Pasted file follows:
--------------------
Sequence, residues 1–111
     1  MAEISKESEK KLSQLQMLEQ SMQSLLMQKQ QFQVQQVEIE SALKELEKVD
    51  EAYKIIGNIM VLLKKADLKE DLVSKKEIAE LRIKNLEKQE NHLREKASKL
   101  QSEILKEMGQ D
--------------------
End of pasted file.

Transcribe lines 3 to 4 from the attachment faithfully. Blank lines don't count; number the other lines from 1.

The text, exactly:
    51  EAYKIIGNIM VLLKKADLKE DLVSKKEIAE LRIKNLEKQE NHLREKASKL
   101  QSEILKEMGQ D